One of the keys to having a great rehearsal is preparing great worship charts. I have found that worship bands frequently go into rehearsals with haphazard charts. No one has taken the time to really think through all the details of the songs. Next-level leaders are prepared and a big part of that preparation is working on excellent charts.
There are two main forms of charts: a) the fully notated SAT chart and b) the words and chords only. I prefer the full written-out chart because it gives you more details. But whatever charts you use, ask yourself these seven questions to make sure the charts are clear and well-thought through.
1. What is the best tempo for this song? Have you notated it somewhere? Who counts off the song? Are you using a click track or metronome to quickly dial into the correct tempo?
2. What is the best key? Have you taken the time to make sure that this is the best key for the leader, congregation and band? Does this key flow well with the songs before and after it? Is this key too high or low for the congregation to sing with all their hearts? Have you double-checked all the chords?
3. What do you want the vocals to sing? When do you want the leader singing alone and when do the other singers sing? When does the song go into two- or three-part harmony? What singers are singing this week? What is the best way to utilize their strengths? Have you sung through all the parts and learnt them so you can help the singers sing their correct harmonies? Are all the words correct?
4. Is this the best musical form for this song? How do you want the introduction to go? How do you want to end the song? What is the best musical form for this song? How many times do you repeat each section? Do you have a reprise ready in case the song “takes off”? What is the recording you are basing this arrangement on?
5. What is the main musical feel? Is this a guitar- or keyboard-driven song? What is the drum groove? What rhythms do you want the bass player to play? What is the acoustic guitar, electric guitar and keyboard grooves? When does the band pause?
6. What instruments do you want or need for this arrangement? When do players sit out in this song? When does the full band come in? What synth, guitar or other instrumental sounds do you need? Is there a drum only section?
7. What are the key instrumental lead lines? Are the lead lines played by keys, guitar or both? Are they notated to help you remember? Have you asked the players to learn their parts before your rehearsal?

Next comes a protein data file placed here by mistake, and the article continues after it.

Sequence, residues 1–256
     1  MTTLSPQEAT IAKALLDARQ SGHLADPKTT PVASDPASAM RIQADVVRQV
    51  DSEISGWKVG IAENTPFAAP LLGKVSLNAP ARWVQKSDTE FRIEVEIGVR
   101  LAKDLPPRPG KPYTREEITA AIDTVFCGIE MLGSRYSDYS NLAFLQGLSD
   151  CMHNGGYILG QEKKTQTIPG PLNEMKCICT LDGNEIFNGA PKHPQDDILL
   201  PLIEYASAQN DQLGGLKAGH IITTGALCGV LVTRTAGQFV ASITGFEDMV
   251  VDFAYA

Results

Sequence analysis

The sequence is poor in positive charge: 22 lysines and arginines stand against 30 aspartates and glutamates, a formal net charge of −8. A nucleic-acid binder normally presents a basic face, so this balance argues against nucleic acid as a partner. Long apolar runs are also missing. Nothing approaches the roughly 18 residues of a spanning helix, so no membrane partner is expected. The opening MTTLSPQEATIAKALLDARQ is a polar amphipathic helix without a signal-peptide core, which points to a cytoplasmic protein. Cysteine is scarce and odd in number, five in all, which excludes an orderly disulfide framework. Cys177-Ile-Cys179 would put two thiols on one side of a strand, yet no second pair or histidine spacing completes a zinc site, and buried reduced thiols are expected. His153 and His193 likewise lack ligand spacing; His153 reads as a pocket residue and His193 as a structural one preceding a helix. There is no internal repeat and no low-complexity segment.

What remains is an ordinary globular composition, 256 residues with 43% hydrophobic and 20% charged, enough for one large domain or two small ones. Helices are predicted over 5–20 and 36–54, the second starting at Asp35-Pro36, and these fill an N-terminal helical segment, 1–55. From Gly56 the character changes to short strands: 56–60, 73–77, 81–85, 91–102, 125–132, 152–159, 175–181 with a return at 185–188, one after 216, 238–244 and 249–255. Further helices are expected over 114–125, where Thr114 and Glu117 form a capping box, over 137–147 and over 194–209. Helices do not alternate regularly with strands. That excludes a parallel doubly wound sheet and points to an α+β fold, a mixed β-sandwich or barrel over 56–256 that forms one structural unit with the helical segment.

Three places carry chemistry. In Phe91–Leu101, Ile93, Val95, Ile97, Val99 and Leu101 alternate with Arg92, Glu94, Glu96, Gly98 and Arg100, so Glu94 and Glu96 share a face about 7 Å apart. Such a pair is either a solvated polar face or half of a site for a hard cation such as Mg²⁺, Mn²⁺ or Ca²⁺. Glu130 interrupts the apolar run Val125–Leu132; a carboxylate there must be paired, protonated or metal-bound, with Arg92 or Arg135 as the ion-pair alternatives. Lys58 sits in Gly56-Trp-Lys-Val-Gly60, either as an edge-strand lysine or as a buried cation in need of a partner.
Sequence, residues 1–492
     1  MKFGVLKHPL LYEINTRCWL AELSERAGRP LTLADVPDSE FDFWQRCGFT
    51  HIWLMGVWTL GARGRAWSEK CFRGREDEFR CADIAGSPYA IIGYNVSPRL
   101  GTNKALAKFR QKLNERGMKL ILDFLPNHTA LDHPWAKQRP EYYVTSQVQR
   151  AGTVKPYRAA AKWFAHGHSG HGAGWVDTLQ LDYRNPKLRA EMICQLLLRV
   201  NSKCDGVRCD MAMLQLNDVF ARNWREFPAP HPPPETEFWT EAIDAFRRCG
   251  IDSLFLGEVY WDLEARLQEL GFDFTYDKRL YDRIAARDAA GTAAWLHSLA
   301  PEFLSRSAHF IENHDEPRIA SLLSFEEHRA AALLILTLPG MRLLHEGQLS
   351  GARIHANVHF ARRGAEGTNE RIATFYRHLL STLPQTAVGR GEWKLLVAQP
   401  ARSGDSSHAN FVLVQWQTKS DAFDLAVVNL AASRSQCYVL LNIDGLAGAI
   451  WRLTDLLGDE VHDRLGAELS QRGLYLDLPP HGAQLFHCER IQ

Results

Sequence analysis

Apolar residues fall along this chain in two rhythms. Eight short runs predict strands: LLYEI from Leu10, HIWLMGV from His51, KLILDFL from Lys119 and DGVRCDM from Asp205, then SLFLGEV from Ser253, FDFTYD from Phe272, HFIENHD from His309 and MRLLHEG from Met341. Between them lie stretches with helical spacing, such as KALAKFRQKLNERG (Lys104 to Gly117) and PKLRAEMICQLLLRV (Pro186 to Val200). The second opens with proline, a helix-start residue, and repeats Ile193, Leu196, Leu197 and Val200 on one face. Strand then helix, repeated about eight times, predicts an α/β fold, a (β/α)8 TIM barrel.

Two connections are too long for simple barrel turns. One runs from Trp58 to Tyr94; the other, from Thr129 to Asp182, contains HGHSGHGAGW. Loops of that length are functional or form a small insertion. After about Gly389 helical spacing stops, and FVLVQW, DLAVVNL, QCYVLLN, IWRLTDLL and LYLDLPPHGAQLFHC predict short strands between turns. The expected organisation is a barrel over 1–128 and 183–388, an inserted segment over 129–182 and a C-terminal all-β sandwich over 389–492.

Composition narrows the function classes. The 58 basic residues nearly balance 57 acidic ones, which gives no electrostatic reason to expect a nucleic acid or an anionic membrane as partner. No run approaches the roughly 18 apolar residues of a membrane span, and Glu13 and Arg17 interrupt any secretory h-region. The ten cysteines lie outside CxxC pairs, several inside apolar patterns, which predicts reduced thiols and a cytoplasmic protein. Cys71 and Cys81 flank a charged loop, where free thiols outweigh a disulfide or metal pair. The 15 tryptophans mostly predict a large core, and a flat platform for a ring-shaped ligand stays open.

To do music at an excellent level, the leader or musical director needs to think through all the details. Confidence and excellence comes with preparation.
Question: What can you add to this list? What is working in your rehearsals? What charts do you use?
I wanted to include a Facebook response from my friend Blake Paul: Great post Mark. Obviously having played for you I realize the truth of what you say. Preparation is key. However, I wonder if this is also a question of goals for the worship team? Yes, we all want to lead worship that is inspiring, creative and full of the Holy Spirit.
I am wondering if we are missing a key ingredient in today’s worship music—that being improvisation and collaboration of musicians within the band which can allow for a greater expression of creativity. However, I hear many bands and teams would rather just play the song by exactly as the recording.
I agree we need to be prepared, but at what point do we allow our bands to collaborate, and encourage improvisation? I guess the real question then is, how does one do the preparation that you write about, and at the same time allow opportunity for our teams to put their imprint on the music rather than just play the song like it sounds like on the CD? Especially as it relates to creating great charts etc. …
FB Reply: Mark Cole: Great question, Blake. But the answer is harder to nail down. It really depends on the quality and creativity of your musicians and leader, the amount of time that you have to rehearse and what your ultimate goal is.
When I do original tunes of mine for the first time, I really listen to how the band and singers respond and what ideas they come up with. Then I’ll usually go home and rewrite the charts to reflect what worked and didn’t work.
I’m all for creativity with your musicians—but that is much easier if you have a set band of strong musicians that don’t rotate much…and if you have the time to really work the songs in rehearsal. If you’re just training musicians and the creativity level is still developing, then copying recording can be much more productive..
Notice in my article, I didn’t talk about copying the recording. Oftentimes I will listen to multiple versions of a song and incorporate a number of different ideas (including my own) into the final chart that I write. I hope this answer helps.
FB comment: Gary Sharpe: I couldn’t agree more on having great charts. I actually think it cuts rehearsal time in half. If you can combine great charts with pre-practice (personal practice before rehearsal), you are 80 percent of the way there.
Mark Cole: I totally agree!